100_6594My daughter, Leah, is 6 years old and lives life with a smile on her face and a skip in her step. But sometimes I wonder about her.

Last Sunday night, we watched SuperBowl XLIV: New Orleans Saints vs. Indianapolis Colts. She was in the room but paying no attention whatsoever to the game. About half way through, she looked at the tv and exclaimed, “I’m cheering for Michigan!”

We live in Michigan, so at least there’s that.

On the other hand, I think she really does get it.

Sometime when she was about three she picked up a book and looked at the title. She showed it to me and said, “Mommy, the letters are all mixed up.” It was the first time she recognized letters making up words instead of just being part of the alphabet.

And sometime not too long after that, she was looking at a book and started to cry. When I asked her why she said it was  because she didn’t know what the words said.

When she was four we were going to attend a preschool program at the library. It was free, but I wasn’t sure if we had to register or not. So earlier in the morning, I told her I was going to call the library to see if we needed to register. She replied, “You mean call a person at the library or call the library that can’t talk?”

Around that same time, she asked me why pants were called a pair when it was only one thing.

So maybe she doesn’t get football.

But I think she gets the rest.

Lessons learned the hard way.

Any parent worth his/her salt does their best to teach their children right from wrong and how to handle every situation that they may come into contact with.

But there’s no way to cover every scenario. Some lessons will only be learned through mistakes and wrong choices made by the children.

Last Thursday, my nine year old son handed me a note from his teacher while I was on the phone. Why is it always when I’m on the phone? I set it aside. Annoyed that he was interrupting.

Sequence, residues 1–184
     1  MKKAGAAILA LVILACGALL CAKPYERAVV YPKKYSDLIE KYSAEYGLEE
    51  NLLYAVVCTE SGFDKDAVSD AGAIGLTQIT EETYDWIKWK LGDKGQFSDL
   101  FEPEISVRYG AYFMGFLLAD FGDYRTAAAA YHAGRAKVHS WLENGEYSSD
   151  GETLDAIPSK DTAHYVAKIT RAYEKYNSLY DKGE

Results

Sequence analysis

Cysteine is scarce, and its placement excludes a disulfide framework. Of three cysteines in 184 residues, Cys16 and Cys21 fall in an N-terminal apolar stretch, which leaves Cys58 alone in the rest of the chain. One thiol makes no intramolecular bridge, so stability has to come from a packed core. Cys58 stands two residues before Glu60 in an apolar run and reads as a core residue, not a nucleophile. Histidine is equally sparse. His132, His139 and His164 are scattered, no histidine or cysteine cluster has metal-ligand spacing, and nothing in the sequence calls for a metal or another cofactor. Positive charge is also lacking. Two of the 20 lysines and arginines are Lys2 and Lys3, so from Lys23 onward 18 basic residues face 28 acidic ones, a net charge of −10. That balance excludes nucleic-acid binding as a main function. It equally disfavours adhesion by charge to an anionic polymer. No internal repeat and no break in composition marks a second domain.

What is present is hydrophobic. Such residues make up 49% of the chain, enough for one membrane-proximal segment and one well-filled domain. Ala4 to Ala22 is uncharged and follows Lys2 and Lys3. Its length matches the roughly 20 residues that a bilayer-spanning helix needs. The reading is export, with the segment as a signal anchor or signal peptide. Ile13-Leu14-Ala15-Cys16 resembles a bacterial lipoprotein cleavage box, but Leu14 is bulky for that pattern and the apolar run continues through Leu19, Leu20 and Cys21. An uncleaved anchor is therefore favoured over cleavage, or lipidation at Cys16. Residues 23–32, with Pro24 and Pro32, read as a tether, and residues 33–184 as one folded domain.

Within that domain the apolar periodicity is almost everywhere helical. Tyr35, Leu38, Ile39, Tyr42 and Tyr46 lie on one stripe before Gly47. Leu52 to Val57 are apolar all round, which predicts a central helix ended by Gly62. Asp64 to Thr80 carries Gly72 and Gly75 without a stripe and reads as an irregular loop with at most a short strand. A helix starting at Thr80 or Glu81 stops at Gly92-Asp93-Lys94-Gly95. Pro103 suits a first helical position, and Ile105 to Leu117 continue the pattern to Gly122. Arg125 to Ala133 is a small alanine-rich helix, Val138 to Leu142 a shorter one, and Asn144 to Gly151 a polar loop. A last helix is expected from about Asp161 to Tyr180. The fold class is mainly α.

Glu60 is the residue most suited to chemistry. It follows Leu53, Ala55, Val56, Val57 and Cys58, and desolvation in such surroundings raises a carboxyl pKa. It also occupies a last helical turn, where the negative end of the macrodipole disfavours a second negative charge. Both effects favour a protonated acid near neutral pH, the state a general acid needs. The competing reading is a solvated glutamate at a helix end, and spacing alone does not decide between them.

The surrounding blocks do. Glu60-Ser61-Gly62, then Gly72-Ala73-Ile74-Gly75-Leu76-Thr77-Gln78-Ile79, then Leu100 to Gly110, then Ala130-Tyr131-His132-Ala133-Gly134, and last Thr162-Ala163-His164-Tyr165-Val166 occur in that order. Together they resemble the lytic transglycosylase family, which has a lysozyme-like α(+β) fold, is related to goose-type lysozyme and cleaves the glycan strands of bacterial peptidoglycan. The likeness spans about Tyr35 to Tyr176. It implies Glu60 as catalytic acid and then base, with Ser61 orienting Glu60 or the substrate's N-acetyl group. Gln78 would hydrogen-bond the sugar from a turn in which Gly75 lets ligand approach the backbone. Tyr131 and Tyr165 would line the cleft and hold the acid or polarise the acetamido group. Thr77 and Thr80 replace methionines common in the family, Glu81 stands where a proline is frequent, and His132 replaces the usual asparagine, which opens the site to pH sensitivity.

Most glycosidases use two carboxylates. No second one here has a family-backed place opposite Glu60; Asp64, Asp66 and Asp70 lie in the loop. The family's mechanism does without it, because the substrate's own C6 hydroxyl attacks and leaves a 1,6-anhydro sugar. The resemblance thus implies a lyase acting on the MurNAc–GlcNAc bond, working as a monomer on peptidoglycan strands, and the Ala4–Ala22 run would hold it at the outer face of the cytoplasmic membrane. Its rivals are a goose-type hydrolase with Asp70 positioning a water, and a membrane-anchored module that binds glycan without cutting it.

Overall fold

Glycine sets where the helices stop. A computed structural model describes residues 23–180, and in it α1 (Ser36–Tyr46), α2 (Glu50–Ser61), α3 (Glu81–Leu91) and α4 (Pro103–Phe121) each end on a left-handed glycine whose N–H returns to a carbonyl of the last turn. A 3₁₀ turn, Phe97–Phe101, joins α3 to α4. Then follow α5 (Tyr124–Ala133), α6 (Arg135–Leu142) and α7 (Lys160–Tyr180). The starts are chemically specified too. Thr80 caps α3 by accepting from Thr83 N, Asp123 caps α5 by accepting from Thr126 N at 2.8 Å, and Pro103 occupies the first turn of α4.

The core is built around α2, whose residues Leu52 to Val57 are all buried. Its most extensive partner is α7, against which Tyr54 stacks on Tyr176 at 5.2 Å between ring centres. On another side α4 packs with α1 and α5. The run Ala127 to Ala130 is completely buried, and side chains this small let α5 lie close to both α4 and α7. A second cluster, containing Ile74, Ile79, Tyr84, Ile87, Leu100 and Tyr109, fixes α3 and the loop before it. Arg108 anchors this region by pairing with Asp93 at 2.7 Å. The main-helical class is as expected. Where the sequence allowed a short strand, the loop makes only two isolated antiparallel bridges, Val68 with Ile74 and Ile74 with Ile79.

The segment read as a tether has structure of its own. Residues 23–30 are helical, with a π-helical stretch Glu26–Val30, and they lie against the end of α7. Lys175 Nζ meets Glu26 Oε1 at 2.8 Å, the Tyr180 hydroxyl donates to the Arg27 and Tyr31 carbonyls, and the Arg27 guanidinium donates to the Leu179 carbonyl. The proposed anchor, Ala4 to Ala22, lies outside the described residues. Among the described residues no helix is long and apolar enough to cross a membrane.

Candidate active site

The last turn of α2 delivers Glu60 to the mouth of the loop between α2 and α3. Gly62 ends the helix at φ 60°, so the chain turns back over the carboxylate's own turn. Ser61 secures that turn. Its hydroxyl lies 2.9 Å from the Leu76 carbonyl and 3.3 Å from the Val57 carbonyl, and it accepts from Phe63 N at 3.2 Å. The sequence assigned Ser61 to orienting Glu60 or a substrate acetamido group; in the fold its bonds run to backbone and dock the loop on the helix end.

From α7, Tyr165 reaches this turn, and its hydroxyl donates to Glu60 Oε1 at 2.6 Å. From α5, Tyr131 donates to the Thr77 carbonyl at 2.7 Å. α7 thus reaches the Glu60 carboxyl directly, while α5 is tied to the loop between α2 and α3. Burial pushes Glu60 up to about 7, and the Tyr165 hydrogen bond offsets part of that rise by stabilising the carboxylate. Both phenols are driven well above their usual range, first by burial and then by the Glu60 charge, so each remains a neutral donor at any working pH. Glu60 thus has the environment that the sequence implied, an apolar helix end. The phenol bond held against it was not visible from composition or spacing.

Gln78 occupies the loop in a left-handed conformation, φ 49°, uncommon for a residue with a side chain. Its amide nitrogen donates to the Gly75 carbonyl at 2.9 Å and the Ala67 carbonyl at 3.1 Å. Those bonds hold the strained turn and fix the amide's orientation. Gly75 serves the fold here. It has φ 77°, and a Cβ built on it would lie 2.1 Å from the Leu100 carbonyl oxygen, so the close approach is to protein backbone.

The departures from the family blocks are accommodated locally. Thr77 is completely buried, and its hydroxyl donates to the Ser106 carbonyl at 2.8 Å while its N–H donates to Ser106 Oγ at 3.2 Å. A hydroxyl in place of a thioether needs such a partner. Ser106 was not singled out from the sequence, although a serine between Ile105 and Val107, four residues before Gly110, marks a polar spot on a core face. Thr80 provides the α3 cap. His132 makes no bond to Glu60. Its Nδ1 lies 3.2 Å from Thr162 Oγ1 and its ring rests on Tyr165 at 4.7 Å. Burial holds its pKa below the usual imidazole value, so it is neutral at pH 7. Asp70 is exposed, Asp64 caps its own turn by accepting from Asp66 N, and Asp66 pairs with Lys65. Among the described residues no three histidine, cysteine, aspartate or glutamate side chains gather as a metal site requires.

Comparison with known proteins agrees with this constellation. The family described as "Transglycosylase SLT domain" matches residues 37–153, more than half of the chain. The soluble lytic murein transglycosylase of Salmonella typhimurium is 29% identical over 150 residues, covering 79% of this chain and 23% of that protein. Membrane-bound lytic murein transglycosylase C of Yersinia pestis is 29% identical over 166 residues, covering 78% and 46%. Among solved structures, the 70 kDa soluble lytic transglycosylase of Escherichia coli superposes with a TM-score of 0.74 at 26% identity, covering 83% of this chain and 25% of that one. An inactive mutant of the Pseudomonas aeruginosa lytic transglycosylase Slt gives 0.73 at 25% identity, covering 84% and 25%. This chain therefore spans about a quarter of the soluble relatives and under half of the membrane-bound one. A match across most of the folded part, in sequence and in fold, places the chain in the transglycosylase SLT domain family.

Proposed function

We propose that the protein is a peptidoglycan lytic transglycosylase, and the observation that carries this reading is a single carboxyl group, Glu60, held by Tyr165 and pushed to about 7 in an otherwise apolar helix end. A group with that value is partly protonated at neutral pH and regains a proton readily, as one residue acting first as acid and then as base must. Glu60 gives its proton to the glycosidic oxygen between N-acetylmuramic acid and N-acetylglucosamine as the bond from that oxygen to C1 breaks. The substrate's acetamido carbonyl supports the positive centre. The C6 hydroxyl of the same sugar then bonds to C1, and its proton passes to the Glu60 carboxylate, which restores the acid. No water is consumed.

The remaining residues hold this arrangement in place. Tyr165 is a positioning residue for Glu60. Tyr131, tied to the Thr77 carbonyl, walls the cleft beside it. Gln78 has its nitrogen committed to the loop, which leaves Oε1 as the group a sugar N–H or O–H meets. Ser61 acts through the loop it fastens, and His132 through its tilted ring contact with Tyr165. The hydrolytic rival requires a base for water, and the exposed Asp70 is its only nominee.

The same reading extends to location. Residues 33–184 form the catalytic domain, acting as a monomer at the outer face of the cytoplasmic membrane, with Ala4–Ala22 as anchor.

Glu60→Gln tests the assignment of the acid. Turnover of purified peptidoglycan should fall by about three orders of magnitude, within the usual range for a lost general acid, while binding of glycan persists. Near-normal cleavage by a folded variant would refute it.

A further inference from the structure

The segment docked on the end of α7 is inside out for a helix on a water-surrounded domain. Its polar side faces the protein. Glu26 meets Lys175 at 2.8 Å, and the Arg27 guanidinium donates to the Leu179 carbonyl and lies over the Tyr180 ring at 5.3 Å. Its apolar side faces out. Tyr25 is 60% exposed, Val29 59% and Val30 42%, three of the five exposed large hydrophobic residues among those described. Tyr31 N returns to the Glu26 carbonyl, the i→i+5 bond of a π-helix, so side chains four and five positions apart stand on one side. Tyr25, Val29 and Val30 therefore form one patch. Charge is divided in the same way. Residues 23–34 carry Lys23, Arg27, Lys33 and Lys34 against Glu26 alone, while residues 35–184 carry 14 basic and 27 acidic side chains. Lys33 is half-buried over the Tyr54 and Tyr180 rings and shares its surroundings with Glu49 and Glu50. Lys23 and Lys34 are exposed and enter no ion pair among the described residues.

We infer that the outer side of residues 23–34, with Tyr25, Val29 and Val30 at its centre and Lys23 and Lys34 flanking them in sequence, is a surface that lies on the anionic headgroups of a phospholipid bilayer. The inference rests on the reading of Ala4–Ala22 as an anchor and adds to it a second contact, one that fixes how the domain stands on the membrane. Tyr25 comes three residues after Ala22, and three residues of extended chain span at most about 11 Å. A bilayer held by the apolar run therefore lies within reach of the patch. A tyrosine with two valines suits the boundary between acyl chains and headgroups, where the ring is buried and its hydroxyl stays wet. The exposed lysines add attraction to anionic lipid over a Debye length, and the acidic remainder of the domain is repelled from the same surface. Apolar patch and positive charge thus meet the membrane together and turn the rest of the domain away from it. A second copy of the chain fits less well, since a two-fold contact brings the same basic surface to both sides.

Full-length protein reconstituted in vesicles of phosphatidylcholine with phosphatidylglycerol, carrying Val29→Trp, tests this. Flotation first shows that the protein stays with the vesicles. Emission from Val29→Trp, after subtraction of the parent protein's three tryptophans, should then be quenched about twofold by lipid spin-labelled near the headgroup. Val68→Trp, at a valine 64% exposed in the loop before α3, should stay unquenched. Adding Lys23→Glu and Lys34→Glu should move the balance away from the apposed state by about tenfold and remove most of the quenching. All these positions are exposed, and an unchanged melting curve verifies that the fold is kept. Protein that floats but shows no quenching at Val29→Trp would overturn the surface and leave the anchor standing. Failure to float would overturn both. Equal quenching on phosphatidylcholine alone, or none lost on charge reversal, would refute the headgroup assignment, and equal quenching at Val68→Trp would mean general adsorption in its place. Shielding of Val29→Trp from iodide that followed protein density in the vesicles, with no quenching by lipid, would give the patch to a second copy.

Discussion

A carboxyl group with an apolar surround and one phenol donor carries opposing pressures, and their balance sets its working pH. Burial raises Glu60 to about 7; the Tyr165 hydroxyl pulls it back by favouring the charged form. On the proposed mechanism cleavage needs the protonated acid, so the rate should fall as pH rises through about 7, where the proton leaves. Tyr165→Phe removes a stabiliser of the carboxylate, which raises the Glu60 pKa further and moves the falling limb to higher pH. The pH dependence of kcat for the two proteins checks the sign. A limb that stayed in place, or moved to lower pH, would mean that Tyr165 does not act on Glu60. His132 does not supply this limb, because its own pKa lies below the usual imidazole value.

A little while later, I sat down to read the note. Here’s what it said:

“Dear Family,

Our class will be enjoying a Valentine’s Day Party on Friday, February 12….

As a special surprise, I am asking that you become your child’s Secret Valentine. Please write  a personal note to your child and send it in a sealed envelope back to school. You may have to put this envelope inside another envelope so your child’s curious little eyes don’t see it. :) I will present these letters to them while they are opening their other valentines from their classmates. Imagine the joy your child will feel when reading this secret valentine. Your loving words and encouragement go a long way. This will be a letter your child will treasure and keep for a long time…

Sincerely,

Mrs. Fisher :)”

I looked at Noah.

“Did you read this?”

“Yes.”

“Was it in an envelope?”

“Yes.”

“How was it addressed?”

“To the parents of…”

“Was the envelope sealed?”

“Yes?”

I was absolutely furious! This is the kind of thing that I would love to do for my child, and that this child in particular would be thrilled about. But because of his “curious little eyes” the opportunity was lost. My first instinct was to punish him.

I did tell him he would not be getting a valentine from me because the surprise had been ruined. I also told him that if he breathed a word of it to any of his classmates he would be punished for the rest of the school year. (I don’t think that will be an issue as he has experience keeping big time secrets that have to do with Christmas, Easter and the loss of teeth, if you get my drift.)

While I was contemplating what his punishment for this offense would be, it became clear I didn’t need to punish him.

He feels terrible. He cried and he cried. He knows he can’t undo it. He’s. so. sorry.

No punishment I would dole out would make him feel any worse.

We haven’t spoken of it again. When the party comes on Friday, he’ll be sad as his teacher starts passing out the valentines from the parents.

Until she gets to the last one which will be for him, from me.

He learned his lesson. The hard way.

He’ll also learn, or be reminded, that no matter what mistakes he makes, I still love him.

He’ll be thrilled with his surprise.

And I’m quite certain he’ll never open my mail again.